Blend half of the soup in the same manner, then pour the remaining unblended soup into the purťed soup, put the new pot on the burner and bring to a simmer. If you want a completely smooth, creamy soup, purťe all of it instead of half. Add the milk or cream if using, then add the lemon and/or orange juice and taste for salt and seasonings.
Put a little blue cheese, cream cheese, mascarpone or chevre in the bottom of each bowl and ladle the soup over it. Garnish with the toasted nuts or pumpkin seeds and serve hot. The soup will keep for a week, cooled, covered and refrigerated, or about two months frozen in a sealed container.
6 good-sized servings, with leftovers. Parve or dairy
The next soup is uniquely suited to satisfying a very traditional Eastern European Jewish need: using up leftovers! What goes into kugel? An egg and some leftover noodles, potatoes, whatever! Got extra carrots, cooked chickpeas, potatoes? Put them in the tzimmes or into the cholent! Except this time, weíre going to make the leftovers to make the soup.
Luckily (or maybe by design) the dish to be ďleft overĒ is very simple, delicious and perfect to make on a cold, lazy afternoon when the kitchen beckons and thereís just energy enough to stir a pot every once in awhile. Then, the initial dish can be eaten up for dinner and the leftovers can be made into an equally simple and delicious soup in a day or so.
Smothered Green Cabbage, Venetian Style
2 lbs. smooth green or Savoy (crinkly green) cabbage, ribs cut out and finely shredded
1 small onion, chopped
1/2 cup good olive oil
2 large cloves garlic, chopped fine
1-1/2 tsp. kosher salt (or to taste)
Freshly ground black pepper
1 Tbs. red or white wine vinegar
Put the onion and olive oil into a deep sautť pan with a cover. Turn the heat to medium and sautť the onion until it turns a deep gold, then add the garlic. Sautť for a minute or two, then add all the cabbage. Stir and turn the cabbage for several minutes until it is all wilted. Add the salt, a few grindings of pepper and the vinegar. Stir, cover the pan and turn the heat down to minimum. Cook for at least 1-1/2 hours, or until very tender. Turn it every once in awhile. Taste and correct for salt and pepper. Serve either hot or room temperature and save the leftovers for:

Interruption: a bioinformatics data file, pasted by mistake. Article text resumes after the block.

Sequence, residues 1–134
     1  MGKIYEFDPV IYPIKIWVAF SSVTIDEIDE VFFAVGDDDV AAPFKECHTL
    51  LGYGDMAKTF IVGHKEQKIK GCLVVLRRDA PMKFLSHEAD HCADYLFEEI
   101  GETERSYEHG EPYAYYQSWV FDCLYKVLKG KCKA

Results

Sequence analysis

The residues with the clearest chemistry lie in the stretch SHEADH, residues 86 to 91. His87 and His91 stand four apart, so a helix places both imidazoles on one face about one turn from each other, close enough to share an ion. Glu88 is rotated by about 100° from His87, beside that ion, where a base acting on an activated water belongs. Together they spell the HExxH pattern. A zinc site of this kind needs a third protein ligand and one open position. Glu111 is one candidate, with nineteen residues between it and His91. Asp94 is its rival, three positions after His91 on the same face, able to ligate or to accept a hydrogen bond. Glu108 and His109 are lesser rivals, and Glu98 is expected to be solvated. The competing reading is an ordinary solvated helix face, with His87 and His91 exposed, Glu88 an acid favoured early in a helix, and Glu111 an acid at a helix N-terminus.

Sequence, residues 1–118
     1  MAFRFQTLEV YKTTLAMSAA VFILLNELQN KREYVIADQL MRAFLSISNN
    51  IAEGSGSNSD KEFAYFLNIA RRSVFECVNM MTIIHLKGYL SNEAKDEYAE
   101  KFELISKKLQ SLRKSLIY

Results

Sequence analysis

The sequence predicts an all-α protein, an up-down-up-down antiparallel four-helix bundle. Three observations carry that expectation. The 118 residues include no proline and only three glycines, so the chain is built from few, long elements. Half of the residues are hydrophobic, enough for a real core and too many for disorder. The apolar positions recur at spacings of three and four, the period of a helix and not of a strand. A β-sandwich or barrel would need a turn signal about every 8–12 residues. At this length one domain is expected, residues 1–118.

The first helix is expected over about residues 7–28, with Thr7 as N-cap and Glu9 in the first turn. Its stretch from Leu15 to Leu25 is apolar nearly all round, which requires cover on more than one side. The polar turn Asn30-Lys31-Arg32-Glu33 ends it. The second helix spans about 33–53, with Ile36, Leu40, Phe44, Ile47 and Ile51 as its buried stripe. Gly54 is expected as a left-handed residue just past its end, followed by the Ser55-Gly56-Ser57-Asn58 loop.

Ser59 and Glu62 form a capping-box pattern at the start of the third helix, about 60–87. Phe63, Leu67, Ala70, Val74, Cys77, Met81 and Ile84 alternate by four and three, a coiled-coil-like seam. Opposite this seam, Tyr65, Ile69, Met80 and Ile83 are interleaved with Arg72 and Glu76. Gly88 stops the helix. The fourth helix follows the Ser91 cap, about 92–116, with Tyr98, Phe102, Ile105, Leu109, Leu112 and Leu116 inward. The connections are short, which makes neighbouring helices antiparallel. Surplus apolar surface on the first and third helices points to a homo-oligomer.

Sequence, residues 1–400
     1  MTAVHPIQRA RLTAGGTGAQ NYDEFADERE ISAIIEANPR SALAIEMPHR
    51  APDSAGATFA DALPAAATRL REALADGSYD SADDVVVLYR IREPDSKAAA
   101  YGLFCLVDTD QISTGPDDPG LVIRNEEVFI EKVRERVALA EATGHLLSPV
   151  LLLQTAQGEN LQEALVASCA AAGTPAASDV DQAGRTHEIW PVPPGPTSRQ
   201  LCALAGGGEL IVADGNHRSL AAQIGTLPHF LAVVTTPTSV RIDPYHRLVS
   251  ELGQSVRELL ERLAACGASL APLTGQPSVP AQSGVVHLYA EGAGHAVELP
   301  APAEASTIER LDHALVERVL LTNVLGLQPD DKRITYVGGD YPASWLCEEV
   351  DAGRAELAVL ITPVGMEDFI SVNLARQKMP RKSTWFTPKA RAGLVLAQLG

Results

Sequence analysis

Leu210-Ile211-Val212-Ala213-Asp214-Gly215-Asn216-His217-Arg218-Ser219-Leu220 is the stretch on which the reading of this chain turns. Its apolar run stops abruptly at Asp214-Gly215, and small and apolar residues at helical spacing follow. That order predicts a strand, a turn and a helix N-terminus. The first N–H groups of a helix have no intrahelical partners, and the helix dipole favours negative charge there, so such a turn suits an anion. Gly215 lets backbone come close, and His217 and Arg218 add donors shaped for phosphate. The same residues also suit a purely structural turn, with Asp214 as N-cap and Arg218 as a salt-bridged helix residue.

Risotto and Smothered Cabbage Soup
2 or 3 cups leftover smothered cabbage
3 cups rich vegetable broth or vegetable bouillon dissolved in 3 cups water
2/3 cup Arborio rice (available at most grocery or specialty foods stores)
2 Tbs. butter
1/3 cup freshly grated Parmesan cheese
Kosher salt and freshly ground black pepper
Put the cabbage and the broth into a soup pot and bring to a boil over medium heat. Stir in the rice and cook uncovered at a slow boil, stirring from time to time. The soup is ready when the rice is done, about 15 to 20 minutes. The rice should be a little firm to the bite, not mushy, but not hard in the center. If you find that the soup is becoming too thick while the rice is cooking, add more broth or water. When done, the consistency of the soup should be rather dense.
Add the butter and the grated cheese and stir well. Taste and add salt and pepper to your taste. Give the soup a few minutes rest and serve medium hot with pieces of crusty rustic bread and more grated Parmesan, if desired.
Four servings. Dairy.